Posts for: December, 2014
Nolan Gould of the hit TV show Modern Family has an uncommon gift for comedy, but he also has a very common orthodontic problem: too many teeth for the size of his mouth, which often results in “crowding.”
“My teeth used to be pretty messed up,” Nolan recently told Dear Doctor magazine in an exclusive interview. “I had two extra teeth when I was born. They hadn't come out (erupted) yet. And all the other teeth that were already there were starting to point backwards because it was getting so crowded in my mouth. They had to remove those two (extra) teeth,” he said.
Although being born with extra teeth is somewhat unusual, needing to have teeth extracted for orthodontic reasons is not. In fact, orthodontic treatment often involves removing teeth to relieve crowding. It makes sense when you think about it: When there are too many teeth for the size of the dental arches (upper and/or lower jaws) or the teeth are larger in size than the dental arch can accommodate, there may not be enough space to align them properly. The necessary space can be created by removing teeth.
The teeth most frequently extracted for orthodontic reasons are the first bicuspid teeth. These are the ones right between the cuspid, or eyeteeth (under the eyes) and the molars (biggest back teeth). Once there is enough space, the orthodontist can choose from a variety of orthodontic appliances to align the teeth, depending on the specific needs of the individual.
In Nolan's case, it was the extra two teeth he was born with that were removed. Afterwards, the young actor's orthodontist was able to shift Nolan's remaining teeth into proper alignment using orthodontic appliances called Crozats. Made of metal wires, Crozats go around the back teeth and behind the front teeth, making them virtually invisible.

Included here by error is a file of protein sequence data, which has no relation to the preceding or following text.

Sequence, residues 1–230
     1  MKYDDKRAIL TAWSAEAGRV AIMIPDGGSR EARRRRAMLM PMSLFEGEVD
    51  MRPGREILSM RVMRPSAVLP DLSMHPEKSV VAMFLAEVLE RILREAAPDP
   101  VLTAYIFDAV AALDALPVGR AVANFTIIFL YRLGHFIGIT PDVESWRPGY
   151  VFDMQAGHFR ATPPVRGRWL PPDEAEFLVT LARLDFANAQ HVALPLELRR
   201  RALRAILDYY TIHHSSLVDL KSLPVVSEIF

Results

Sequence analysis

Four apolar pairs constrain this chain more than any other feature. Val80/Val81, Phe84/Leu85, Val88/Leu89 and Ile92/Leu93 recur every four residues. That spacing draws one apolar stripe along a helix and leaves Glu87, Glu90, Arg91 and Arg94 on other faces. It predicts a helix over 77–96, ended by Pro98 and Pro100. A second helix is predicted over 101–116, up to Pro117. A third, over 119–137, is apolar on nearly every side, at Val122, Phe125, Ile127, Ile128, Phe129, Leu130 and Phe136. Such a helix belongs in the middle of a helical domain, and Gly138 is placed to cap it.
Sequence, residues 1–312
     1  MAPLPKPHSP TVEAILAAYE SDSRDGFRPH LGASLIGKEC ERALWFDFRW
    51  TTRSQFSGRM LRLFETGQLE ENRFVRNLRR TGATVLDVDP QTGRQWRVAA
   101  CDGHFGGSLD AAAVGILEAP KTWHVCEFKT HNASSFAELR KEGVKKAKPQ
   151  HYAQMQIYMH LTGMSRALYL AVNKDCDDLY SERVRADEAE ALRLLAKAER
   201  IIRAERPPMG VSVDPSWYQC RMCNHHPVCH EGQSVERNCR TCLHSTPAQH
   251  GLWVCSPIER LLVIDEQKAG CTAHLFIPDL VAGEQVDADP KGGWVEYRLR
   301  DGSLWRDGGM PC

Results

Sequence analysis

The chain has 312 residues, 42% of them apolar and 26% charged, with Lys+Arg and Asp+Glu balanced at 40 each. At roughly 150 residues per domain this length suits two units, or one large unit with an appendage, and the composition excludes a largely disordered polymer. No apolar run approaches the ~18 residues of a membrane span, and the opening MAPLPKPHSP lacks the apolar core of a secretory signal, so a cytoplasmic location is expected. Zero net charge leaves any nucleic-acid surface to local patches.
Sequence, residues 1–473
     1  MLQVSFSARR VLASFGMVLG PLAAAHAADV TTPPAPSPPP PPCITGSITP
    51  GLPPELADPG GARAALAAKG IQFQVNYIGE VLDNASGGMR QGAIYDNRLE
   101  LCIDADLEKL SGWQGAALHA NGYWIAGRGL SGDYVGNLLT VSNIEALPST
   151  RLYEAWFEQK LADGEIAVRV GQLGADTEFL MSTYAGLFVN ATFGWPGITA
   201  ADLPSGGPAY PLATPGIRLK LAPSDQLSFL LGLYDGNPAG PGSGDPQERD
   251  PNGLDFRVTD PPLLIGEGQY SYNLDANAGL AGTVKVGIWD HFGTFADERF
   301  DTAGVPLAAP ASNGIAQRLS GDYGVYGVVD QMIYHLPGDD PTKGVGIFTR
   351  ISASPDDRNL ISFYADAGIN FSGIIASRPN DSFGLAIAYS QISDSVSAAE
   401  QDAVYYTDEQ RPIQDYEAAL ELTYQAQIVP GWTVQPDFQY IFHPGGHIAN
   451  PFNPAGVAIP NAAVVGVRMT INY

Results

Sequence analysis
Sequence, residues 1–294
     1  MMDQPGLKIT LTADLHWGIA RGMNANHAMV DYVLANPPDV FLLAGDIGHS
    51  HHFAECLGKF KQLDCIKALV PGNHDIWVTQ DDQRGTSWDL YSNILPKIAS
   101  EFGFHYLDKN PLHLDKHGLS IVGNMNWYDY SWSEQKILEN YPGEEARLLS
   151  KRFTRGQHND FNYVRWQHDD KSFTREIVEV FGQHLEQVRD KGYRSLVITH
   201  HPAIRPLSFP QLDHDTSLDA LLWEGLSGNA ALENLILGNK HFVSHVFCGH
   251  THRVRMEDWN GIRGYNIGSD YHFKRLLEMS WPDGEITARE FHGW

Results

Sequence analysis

“You can remove them, which is really good for acting, especially because you can't see them,” Nolan explained. “I can wear them 24/7 and nobody will ever notice.”
Nolan's orthodontic appliances may not be noticeable, but his fabulous smile certainly is!
If you would like to learn more about improving tooth alignment with orthodontics, please contact us today to schedule an appointment for a consultation. If you would like to read Dear Doctor's entire interview with Nolan Gould, please see “Nolan Gould.” Dear Doctor also has more on “Tooth Removal for Orthodontic Reasons.”
In the winter months, when the daylight hours grow few, we celebrate the season with holiday lights and good cheer. This season of hope and renewal also gives us a chance to think about the future — to take stock of where we’ve been, and even plan for some changes in the new year.
Deciding to improve your overall health is one great way to start off the year. Of course, we know many resolutions that begin with crash diets and extreme fitness programs won’t be kept up for very long. But if there were one permanent change you could make, which would both enhance your appearance and improve your health… would you do it? If you are missing teeth — or if you’re wearing dentures that aren’t working the way you’d like — then perhaps we can offer a suggestion: Consider dental implants.
Besides being an obvious blemish on your appearance, missing teeth also create problems you can’t see. For one, it’s harder to eat a proper, balanced diet if you have trouble chewing certain foods, potentially leading to serious nutritional problems. For another, when teeth are lost, the bone in your jaw that used to surround them begins to deteriorate. This can cause you to have a prematurely aged look, and make you appear unhappy even when you’re not.
Unfortunately, dentures don’t solve these problems — in fact, they tend to compound them. Many denture wearers report they have problems eating; some even say they eat better without dentures. And dentures don’t stop bone loss; in many cases, especially when they don’t fit correctly, they actually accelerate it.